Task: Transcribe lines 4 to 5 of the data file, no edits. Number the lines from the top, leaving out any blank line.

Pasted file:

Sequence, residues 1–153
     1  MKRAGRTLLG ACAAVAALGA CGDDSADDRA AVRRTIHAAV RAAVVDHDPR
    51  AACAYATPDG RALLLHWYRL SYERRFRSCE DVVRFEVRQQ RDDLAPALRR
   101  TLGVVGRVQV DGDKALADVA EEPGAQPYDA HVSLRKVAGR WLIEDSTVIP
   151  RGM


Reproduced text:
   101  TLGVVGRVQV DGDKALADVA EEPGAQPYDA HVSLRKVAGR WLIEDSTVIP
   151  RGM